Ten Essential Study Habits


Here are ten tips to start considering TODAY to improve your study habits & help you ace that next big exam!

1. Location, location, location.

You know where you focus best. If you can handle a buzzing coffee shop with some earbuds then I applaud you, but otherwise stick to a quiet space that you typically designate for studying. For example, it’s not smart to study in bed, because that’s the same place you are most likely to fall asleep.

2. Utilize every possible resource.

If your instructor gives you study guide outlines, questions, open labs, or office hours… TAKE ADVANTAGE.

3. Manage your time.

The odds are against you when studying only happens the night before a test. If you break up the work—taking even just 30 minutes out of a day—it will help you soak up all the info better.

4. Both group study and individual study = important.

Large groups aren’t always efficient if you become reserved or distracted, but if you have a close-knit group where you can bounce different studying strengths back and fourth, then it’s a perfect alliance. Solo study time matters because you want to make sure you’re also absorbing the knowledge on your own (because team tests are almost nonexistent).

5. Give yourself a little motivation.

Maybe coffee or sweets are your reward—set yourself a goal like “finish this chapter and notes” and then go treat yourself! This provides for a great study break and will refresh your mind when you get back into the grind.

6. Establish what works (and what doesn’t work).

Using a previous example you may know you didn’t pass on a test because of X, Y, and Z. WELL GOOD! At least you are able to recognize the steps you took that were ineffective, and now you know to try some other routines. A few successes for me and some friends are audio recording lectures and re-listening later, quizzing each other using flash cards (or Quizlet), and going over material BEFORE it’s taught in class so it’s a “review” to you.

7. Set aside distractions.

We all can relate to this one… that’s right, I’m talking about that device in your hand! Our phones consume a major portion of our day, and it’s not a hard question to answer about what we’d rather be doing—looking at social media or our textbooks. All I can say about this is set it aside, turn it off, whatever you have to do to keep the temptations away.

8. Get up and move.

I’ve heard it enough to know that exercise can promote more focused studying, but even a simple “shake out” will restart your brain when you’ve been sitting for hours and loosing concentration.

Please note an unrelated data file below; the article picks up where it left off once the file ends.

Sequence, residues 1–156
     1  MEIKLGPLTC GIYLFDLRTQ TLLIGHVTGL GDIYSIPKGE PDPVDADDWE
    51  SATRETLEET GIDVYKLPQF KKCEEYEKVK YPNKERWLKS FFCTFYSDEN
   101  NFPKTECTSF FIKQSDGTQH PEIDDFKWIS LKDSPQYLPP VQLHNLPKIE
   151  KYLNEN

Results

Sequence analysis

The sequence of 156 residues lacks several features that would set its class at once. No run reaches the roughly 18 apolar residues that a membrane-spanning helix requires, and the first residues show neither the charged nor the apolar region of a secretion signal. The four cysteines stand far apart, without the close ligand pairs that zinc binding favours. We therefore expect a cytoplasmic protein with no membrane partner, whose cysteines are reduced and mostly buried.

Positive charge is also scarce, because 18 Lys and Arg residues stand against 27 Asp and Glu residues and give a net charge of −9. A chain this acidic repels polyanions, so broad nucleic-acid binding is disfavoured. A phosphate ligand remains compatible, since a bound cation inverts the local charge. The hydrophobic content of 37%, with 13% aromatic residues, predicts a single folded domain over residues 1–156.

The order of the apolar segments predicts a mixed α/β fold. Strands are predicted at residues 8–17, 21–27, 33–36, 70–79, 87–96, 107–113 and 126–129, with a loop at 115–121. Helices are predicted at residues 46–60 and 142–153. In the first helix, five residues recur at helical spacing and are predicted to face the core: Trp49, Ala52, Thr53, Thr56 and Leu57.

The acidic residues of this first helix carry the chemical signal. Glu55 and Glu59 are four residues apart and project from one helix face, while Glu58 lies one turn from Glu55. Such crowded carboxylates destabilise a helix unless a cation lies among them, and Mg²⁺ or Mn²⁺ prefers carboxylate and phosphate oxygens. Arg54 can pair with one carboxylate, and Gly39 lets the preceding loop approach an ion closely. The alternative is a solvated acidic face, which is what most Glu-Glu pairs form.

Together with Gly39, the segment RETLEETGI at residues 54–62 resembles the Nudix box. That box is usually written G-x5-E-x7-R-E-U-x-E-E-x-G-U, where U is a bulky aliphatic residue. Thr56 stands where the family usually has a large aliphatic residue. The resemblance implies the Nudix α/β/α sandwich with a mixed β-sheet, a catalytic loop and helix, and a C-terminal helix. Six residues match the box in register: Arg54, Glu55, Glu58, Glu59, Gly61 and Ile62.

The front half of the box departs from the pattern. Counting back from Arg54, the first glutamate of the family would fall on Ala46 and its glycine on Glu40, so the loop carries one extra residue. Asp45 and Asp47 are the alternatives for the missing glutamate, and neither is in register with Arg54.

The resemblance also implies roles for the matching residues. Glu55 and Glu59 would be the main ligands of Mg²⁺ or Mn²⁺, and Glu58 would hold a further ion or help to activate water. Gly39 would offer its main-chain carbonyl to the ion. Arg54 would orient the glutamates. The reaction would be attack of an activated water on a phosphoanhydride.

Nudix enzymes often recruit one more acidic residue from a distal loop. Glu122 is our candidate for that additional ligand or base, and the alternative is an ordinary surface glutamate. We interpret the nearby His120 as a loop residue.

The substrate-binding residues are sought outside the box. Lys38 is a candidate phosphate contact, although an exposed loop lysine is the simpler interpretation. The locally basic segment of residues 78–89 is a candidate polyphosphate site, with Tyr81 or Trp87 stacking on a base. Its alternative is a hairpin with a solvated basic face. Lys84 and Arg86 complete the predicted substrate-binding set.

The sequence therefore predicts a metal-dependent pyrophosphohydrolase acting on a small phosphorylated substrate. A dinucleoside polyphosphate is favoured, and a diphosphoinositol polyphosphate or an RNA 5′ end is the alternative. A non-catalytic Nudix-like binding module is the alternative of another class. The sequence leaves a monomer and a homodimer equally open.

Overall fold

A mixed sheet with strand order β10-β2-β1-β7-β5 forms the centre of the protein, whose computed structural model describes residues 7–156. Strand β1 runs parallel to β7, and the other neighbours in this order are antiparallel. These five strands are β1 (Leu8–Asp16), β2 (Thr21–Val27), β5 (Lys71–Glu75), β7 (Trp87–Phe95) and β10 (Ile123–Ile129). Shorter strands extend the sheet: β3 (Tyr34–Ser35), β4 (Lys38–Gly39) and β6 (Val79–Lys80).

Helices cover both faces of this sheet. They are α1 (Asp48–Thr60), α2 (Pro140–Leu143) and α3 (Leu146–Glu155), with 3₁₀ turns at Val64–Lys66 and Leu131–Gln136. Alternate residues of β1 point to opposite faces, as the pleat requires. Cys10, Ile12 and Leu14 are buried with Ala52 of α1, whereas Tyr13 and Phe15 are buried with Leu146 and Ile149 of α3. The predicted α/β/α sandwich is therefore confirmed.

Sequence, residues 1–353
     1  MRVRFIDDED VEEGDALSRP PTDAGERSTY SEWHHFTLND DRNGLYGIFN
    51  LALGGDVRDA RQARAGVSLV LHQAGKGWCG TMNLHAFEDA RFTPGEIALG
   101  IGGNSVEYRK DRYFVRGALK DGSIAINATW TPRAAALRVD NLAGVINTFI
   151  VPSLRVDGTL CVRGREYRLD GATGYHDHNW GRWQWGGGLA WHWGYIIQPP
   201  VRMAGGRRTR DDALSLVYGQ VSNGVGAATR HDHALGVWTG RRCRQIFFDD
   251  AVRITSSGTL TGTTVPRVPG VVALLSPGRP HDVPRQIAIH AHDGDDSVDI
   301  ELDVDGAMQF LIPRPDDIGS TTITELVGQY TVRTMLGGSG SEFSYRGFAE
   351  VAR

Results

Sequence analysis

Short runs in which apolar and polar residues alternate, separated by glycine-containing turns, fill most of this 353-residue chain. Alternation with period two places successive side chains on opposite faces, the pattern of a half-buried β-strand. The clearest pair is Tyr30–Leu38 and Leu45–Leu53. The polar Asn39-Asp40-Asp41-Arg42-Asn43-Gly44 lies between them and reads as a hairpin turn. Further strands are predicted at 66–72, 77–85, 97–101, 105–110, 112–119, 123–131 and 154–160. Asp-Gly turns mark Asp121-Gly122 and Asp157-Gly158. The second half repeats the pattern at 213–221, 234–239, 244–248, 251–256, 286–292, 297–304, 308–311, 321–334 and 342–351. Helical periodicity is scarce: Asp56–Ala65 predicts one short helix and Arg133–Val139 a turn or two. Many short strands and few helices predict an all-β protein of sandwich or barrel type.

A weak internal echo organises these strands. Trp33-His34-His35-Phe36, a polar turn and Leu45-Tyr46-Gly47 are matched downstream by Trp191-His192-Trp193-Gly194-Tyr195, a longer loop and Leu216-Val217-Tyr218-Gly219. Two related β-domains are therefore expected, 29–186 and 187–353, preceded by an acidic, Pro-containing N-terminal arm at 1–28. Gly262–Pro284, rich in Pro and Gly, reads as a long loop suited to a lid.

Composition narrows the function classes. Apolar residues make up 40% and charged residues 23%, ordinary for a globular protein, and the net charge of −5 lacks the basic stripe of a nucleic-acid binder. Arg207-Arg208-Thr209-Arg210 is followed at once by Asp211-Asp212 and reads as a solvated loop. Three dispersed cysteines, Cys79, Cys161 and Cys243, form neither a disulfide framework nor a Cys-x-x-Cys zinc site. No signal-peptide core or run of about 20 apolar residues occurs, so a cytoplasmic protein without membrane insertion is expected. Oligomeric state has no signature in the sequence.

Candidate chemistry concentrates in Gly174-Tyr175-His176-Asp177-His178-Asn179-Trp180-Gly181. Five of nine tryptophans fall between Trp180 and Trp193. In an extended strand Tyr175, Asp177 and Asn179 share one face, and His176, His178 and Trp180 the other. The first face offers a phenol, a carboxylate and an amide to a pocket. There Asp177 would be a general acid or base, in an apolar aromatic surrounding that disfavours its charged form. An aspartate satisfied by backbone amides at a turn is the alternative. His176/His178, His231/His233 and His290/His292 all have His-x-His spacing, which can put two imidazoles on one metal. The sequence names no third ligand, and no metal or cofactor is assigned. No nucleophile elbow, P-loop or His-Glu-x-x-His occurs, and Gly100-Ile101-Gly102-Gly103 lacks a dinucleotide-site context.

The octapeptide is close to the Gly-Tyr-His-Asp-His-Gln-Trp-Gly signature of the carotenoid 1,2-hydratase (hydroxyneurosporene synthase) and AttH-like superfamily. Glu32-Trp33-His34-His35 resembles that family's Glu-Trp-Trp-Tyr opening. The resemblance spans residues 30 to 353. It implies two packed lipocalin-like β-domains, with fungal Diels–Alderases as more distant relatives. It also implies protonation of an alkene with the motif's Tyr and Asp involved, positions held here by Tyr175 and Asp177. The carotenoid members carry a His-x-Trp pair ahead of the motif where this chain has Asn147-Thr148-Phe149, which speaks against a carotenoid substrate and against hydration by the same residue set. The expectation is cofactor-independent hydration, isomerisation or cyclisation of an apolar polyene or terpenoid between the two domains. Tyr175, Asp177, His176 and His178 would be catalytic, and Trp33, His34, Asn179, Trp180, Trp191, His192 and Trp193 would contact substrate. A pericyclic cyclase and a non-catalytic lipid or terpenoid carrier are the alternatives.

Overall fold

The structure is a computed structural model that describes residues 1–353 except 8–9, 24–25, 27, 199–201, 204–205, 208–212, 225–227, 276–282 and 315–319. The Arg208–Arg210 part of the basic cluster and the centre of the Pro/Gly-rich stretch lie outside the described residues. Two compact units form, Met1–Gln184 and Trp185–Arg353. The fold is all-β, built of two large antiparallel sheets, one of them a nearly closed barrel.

9. Write it, hear it, see it.

What I mean by this is try different methods to help the information get lodged in your head. Some people are auditory learners, some are not. If it helps you to write it out, then do it!

10. Let the importance settle in.

You wouldn’t be so dedicated to studying if it didn’t mean something to you. Why are you doing this to yourself? The reasons are most likely that you want to be educated on the matter, that you want to succeed in the class, and perform well on the exams. If you keep this in mind, then you are encouraging yourself to PUSH ON!


Congratulations, you have passed the course Mastering Study Habits 101. I give you an A+ for excellent effort, and for bettering your knowledge on important study skills. I hope you refer to these tips when you are struggling in a class, or just unsure of ways to tackle the exams. Successful studying ahead!

6 thoughts on “Ten Essential Study Habits

  1. I am the same way. I just started MBA school and i have to study up at the library. it’s hard for me to study at home because I get distracted. Study groups are the best. I am for them all the way. I use to think…I need to know how to do this alone but nope…if study groups help you, do them!

    Liked by 1 person

  2. Good tips. I have good study tips as well. I study using notecards because it is able to break up everything into small chunks. I try to stay ahead of the game as well. I occasionally take breaks for a stress reliever. The distractions is a difficult one to overcome. I study the best in my dorm room. I think everyone is a number of things.

    Liked by 1 person

  3. Your advice is sound and expressed with spirit. Nowadays when I get to be a student (or when still a teacher), I spread my assignments out. I work on each project in a series of bouts. In addition to making everything less tense, there is the added advantage of having what I need to learn sink in more deeply.

    Great work! Thanks!


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